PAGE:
Florida's university system Board of Governors plans to designate one of the state's universities to be its flagship in developing online education. The Miami Herald's Tia Mitchell says that while they have not yet chosen a university, the Board heard a presentation by the University of Florida.
With online education busting out all over, every state is working on how much control it needs to exert over processes that are not yet well understood. Florida's Strategic Planning Committee is concerned that its 12 public universities may forge ahead with pioneering online models without coordinating their trials with each other. Other legislators have expressed different concerns, particularly wanting to make sure that the state stays at the cutting edge of technology. Florida's House Speaker had already been discussing options, such as creating a state online-only university. Not surprisingly, the state's existing universities did not support the plan, and the Speaker has decided not to push for it.
Instead, Florida will work with one school to develop methods and test them as rigorously as possible. The Board's press release laid out a plan:
The Board of Governors should use preeminence metrics, approved by the Board for use in university workplans, to determine a university that would offer a new, separate arm of high-quality online degree programs to students in Florida and across the globe. The designated university should also create a research center to develop cutting-edge technology and instructural design of online programs and ensure the success of online students.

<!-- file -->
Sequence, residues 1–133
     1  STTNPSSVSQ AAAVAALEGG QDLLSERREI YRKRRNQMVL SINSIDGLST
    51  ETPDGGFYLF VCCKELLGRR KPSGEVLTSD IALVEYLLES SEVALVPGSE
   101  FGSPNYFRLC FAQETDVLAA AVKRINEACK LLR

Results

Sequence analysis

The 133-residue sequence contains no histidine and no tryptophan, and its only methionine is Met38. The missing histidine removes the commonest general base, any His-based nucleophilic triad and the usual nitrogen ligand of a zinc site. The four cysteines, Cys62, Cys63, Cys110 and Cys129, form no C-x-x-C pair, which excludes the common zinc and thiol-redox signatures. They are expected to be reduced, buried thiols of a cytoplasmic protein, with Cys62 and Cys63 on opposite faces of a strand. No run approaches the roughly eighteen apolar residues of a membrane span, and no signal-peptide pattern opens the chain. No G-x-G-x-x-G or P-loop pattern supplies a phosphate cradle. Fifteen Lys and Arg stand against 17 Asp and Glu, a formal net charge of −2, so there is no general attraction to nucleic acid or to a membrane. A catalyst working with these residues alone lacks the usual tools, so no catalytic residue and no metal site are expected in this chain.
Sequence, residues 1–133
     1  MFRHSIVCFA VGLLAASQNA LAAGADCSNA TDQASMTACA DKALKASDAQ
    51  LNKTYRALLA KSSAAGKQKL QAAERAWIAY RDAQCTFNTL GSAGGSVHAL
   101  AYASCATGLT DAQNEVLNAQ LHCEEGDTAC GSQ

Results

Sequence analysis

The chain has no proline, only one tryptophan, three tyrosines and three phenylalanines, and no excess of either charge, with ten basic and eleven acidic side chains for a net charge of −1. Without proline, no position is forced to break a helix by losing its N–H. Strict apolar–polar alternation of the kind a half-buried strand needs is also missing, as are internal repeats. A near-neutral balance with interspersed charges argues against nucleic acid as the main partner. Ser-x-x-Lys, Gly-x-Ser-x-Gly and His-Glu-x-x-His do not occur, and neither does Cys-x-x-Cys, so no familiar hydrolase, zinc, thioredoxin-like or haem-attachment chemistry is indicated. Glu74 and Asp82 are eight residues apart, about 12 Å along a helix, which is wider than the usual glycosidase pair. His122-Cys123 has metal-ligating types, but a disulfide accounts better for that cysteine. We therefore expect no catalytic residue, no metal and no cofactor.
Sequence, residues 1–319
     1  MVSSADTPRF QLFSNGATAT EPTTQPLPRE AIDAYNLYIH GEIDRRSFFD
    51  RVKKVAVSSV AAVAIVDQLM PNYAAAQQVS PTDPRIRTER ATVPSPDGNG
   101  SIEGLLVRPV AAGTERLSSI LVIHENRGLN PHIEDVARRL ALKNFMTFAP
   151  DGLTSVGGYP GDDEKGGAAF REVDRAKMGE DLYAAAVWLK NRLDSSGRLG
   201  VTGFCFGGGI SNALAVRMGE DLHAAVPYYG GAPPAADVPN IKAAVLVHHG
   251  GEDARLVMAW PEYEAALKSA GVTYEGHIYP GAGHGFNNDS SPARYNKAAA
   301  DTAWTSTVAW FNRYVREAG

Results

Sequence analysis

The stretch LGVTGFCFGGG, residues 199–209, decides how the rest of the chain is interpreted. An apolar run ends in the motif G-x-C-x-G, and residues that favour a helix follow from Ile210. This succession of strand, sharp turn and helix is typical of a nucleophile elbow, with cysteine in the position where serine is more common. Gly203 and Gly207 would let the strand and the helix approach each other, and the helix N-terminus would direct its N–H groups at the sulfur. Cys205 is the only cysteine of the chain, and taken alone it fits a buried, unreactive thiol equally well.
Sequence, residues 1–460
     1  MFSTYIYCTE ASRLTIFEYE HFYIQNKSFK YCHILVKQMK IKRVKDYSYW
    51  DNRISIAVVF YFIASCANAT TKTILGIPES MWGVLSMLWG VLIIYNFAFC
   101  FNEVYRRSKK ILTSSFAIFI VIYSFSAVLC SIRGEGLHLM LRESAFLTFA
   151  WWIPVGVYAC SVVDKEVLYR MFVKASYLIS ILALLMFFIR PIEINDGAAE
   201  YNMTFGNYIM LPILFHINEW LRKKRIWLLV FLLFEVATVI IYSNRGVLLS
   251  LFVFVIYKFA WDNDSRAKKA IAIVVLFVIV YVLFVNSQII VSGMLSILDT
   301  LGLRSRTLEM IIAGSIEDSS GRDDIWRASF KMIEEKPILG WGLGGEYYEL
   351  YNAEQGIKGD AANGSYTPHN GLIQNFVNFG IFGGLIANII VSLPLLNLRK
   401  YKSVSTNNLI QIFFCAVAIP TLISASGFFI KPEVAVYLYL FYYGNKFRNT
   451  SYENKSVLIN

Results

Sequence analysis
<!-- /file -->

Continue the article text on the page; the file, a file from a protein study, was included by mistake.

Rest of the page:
The Legislature will be asked to fund this project, and universities will develop proposals. While only one will be chosen for the pilot project, the state's intention is that within a short time, the new methods will be used in all of the universities.
"The world of online higher education is ever-changing, and there are many opportunities for improvement," said John D. Rood, chair of the Strategic Planning Committee. "Through this process, we are confident Florida will emerge as as an even stronger national leader in online education—not only for providing high-quality offerings to our students, but for developing best practices that meet the strategic needs of Florida."
Other states are looking at the same issues, particularly those whose uncertain budgets make online courses an attractive option. California recently set a policy that within a few years, 10% of its state university courses will be available online. The plan is that courses will be free to enrolled students in public universities, but they will save costs in brick and mortar expansion. The state has seen fluctuating income and student enrollment and is not sure how to plan. Online courses still require human teachers, but they can be designed so that one teacher can handle more students without needing a room and chairs.
Of course, private universities are still free to experiment, and many are doing so. The University of Southern California recently held a professors' retreat to talk about what each department is doing with online options. Some were using the internet to broadcast lectures and demonstrations to remote places, while others were creating learning games that bridged from the internet to the real world. Carnegie Mellon University designed a course for learning languages that uses the structure of online games instead of grades. Learners lose "lives" for mistakes and gain points for their profile by making progress.